From Linda-Hoeptner-Poling –
Dear Friends, Supporters, Colleagues of the NAEA Women’s Caucus
We have extended the deadline for receiving abstracts to our call for abstracts to OCT 1, 2015. We hope that you will submit an abstract of a chapter proposal and forward this note to colleagues to encourage proposal submissions.
CALL FOR CHAPTERS — Women’s Caucus Lobby Activism Book
PROPOSAL SUBMISSION DEADLINE: October 1, 2015
EDITORS: Karen Keifer-Boyd, Linda Hoeptner-Poling, Sheri Klein, Wanda Knight, and Adetty Pérez de Miles
ABOUT THE BOOK: The book is based on the National Art Education Association’s Women’s Caucus Lobby themes and activism since 2008.
NOTE: Authors do not need to have attended Lobby sessions to submit chapters. Beyond the NAEA Women’s Caucus sessions, meetings, and events that reside within the formal protocol of the NAEA, the Lobby Activism session serves as an informal space for personal as political discussion and action. Held the first evening of the NAEA Convention in the hotel lobby, since 2008, the one-hour open forum has evolved into a multi-modal form of engagement, including introductions, performance, artmaking, brainstorming and synthesizing ideas–as well as planning collaboratively for future action. A human microphone process used throughout the lobby amplifies our political voice in public feminist art pedagogy.
Lobby Activism book contributors might share their experiences as participants in each year’s Lobby Activism session. Contributions on lobby session influence, impact, theory, and possibilities are also encouraged. However, in each of the ten book sections we would like to extend beyond the Lobby Activism Sessions and encourage submissions that are about the themes. Therefore, authors from a range of disciplines, theoretical perspectives, and not having participated in the Women’s Caucus and Lobby Sessions are also encouraged to submit chapters.
BOOK CHAPTERS: The 10 sections of the book are formed from the annual themes of the Lobby sessions Diversity of approaches to scholarship relative to the book sections are encouraged.
See http://judychicago.arted.psu.edu/lobby-activism/ for suggestions for writing chapters or visual essays for one or more of the ten sections of the book, briefly outlined below. as well as photos and prompts/data/inspiration for the sessions and transcripts of audio recordings from each Lobby Activism session. As noted above, authors do not need to have attended Lobby sessions to submit chapter proposals.
2018: Activism: This section will include narratives of feminist activism through art and education.
2017: Entanglement. This section of the book revisions intersectionality theory as an entanglement of social identities and circumstances that hampers one’s ability to escape, disengage, or act at will, and activism that changes.
2016: Feminist Leadership. This section will include chapters on feminist leadership in art education in which art teachers are instrumental in transforming schools and communities.
2015: How do you (re)deSIGN gender codes in your teaching, art, and life? This section of the book will include explorations that (re)deSIGN binary-based constructions of gender in research, teaching, art, and life.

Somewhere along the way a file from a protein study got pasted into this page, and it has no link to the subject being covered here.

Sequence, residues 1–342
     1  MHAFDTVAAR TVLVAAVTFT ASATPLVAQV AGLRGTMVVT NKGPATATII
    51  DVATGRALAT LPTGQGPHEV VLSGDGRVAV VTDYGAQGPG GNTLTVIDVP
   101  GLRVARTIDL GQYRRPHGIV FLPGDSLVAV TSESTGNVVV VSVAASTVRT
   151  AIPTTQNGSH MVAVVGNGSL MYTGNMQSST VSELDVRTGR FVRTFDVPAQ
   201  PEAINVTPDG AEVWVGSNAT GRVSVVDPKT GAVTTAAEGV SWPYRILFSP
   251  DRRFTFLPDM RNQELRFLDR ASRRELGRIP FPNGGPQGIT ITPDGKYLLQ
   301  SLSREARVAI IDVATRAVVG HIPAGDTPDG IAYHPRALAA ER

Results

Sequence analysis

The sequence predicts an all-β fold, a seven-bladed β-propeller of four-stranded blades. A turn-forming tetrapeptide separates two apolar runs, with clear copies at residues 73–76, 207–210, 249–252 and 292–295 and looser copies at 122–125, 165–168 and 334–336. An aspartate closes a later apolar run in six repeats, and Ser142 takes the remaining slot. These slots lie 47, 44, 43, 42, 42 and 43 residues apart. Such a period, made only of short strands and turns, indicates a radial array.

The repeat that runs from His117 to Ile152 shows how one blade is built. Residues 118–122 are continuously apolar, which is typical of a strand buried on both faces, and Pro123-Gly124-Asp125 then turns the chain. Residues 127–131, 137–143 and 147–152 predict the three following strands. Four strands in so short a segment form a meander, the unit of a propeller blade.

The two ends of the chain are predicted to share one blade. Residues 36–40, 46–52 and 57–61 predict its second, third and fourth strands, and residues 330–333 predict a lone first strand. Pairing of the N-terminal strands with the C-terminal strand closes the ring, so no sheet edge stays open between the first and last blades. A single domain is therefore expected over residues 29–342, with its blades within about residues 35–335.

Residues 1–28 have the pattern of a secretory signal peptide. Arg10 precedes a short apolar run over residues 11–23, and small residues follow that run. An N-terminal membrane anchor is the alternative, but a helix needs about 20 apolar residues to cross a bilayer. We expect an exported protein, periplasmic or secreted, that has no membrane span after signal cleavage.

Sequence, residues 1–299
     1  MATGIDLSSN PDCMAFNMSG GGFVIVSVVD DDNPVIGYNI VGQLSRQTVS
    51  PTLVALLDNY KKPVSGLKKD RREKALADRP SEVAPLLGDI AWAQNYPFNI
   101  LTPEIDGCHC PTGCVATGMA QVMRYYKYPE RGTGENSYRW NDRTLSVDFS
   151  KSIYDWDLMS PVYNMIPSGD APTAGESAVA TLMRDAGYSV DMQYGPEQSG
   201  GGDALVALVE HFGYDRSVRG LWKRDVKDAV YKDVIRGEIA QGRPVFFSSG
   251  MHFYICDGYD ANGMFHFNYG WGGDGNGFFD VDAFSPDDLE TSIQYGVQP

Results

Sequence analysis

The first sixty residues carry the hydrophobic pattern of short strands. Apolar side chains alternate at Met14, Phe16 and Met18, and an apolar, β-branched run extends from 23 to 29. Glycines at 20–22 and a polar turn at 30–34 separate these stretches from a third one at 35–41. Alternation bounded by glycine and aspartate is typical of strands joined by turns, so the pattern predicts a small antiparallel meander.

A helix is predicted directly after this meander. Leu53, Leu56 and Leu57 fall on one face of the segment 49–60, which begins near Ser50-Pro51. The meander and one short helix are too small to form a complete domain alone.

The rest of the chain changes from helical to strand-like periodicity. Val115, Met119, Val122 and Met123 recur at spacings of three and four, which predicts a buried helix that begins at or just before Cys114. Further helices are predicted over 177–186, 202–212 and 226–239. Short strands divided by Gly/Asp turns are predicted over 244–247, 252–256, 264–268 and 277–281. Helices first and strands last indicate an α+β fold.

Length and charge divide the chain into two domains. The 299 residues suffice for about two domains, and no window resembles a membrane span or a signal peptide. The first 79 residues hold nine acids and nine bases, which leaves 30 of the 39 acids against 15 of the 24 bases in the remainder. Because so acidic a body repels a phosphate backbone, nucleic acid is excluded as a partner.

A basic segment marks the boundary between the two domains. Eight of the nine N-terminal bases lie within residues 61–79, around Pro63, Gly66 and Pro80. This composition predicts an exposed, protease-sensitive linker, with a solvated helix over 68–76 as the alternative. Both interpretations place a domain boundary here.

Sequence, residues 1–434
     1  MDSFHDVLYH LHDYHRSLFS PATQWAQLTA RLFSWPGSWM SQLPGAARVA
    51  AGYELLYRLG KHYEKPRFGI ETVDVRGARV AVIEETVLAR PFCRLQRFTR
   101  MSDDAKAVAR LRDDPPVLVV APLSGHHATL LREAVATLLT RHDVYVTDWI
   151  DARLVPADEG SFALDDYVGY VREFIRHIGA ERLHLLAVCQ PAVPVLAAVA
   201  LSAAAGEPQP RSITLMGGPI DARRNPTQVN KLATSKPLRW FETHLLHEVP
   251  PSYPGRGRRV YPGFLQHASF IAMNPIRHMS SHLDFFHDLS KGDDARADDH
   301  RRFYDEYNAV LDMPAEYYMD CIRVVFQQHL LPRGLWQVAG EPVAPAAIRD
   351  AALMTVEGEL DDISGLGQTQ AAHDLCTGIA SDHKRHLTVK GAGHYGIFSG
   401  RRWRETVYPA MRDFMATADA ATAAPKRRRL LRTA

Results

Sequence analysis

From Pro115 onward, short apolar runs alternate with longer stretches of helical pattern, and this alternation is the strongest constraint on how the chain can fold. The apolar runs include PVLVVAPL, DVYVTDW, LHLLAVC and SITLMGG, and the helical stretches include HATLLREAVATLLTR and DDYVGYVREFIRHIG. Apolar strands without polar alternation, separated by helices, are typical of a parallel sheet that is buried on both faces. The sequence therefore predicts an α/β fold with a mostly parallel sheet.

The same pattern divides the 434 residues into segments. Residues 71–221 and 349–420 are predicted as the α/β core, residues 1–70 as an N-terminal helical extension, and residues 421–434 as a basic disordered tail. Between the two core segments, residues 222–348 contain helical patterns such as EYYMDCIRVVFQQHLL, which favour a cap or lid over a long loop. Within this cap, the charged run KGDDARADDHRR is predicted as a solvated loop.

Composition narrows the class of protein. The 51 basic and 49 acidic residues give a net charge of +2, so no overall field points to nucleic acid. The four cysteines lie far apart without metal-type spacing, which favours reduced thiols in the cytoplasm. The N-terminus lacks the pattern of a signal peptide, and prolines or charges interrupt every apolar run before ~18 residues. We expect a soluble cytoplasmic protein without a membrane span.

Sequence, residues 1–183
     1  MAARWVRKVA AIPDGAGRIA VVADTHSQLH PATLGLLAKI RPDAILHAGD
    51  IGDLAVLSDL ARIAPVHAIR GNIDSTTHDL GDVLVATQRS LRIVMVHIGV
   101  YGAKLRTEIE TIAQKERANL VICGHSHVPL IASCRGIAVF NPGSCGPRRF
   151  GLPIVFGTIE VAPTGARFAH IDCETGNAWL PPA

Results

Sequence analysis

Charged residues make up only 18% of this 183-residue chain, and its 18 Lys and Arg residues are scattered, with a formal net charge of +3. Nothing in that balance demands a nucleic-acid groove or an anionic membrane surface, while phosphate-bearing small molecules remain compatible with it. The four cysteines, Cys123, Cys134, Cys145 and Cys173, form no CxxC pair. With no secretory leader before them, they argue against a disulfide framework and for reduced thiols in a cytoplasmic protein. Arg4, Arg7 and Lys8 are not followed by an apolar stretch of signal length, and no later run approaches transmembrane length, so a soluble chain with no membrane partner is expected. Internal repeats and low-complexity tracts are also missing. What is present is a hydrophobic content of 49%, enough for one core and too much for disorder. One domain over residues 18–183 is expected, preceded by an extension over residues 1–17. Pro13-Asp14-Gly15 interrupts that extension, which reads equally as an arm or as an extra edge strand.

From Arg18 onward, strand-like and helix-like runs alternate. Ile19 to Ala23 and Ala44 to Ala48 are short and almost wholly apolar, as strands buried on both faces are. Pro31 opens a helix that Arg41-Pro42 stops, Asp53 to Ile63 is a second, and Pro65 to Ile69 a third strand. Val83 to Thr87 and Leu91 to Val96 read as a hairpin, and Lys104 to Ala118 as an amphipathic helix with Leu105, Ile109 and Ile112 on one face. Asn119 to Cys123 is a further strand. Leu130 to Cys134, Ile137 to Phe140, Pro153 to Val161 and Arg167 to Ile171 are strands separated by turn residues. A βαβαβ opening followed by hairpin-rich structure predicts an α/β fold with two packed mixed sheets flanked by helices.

2014: Speak Truth to Power. This section will include case studies of speaking truth to power through art and/or art education.
2013: What are my personal responsibilities and our collective responsibilities to end violence? This section explores ways that art educators can disrupt systemic violence through pedagogy, service, community work, activism and other forms of resistance.
2012: What Do You Believe is Critical to Lobby For? This section explores how and why feminist art educators decide where to put activist energies both in and outside of the classroom at all levels of education, in addressing competing demands posed by issues of both personal and broader social landscapes of feminist activism.
2011: A Time When … This section of educational narrative inquiries will focus on how feminist art teachers’ conceptualize their work and navigate the personal, professional, pedagogical, and political.
2010: What is the Image of a Feminist in the Field of Art Education Today? This section will explore aims of feminism and feminist pedagogy in art education for contemporary times.
2009: Enacting Change: What We Can Learn From Each Other? This section focuses on mentoring, reciprocity, dialogue, and networking.
2008: Vote: What Should an Art Educator Do?” Visual culture is omnipresent and plays a role in our everyday decisions from the products that we consume to important decisions such as presidential elections.
SUBMISSION DETAILS: Proposal Format: Prospective contributors will submit a 400-500 word abstract with at least five references from relevant literature and a chapter title, author name, affiliation, and contact information (phone, e-mail and mailing address).
Submit abstracts of proposed chapters at
All submitters will be notified by December 1, 2015 regarding the status of their proposal. Authors of selected proposals will receive chapter guidelines and will be invited to submit full chapters for consideration by September 1, 2016. Editors will review submitted chapters for final selection and make recommendations for revisions byDecember 1, 2016. Final submissions will be due by January 1, 2017. Our goal is publication of the anthology by the 2018 NAEA convention as a 10th anniversary of NAEA Women’s Caucus Lobby Activism.
Send queries to the lead editor Karen Keifer-Boyd at email@example.com.
OCTOBER 1, 2015: Proposal Submission Deadline
December 1, 2015: Notification of Proposal Acceptance and Invitation to Submit Chapters
September 1, 2016: Full Chapter Submission
December 1, 2016: Notification of Acceptance and Revisions Returned
January 1, 2017: Final Chapter Submission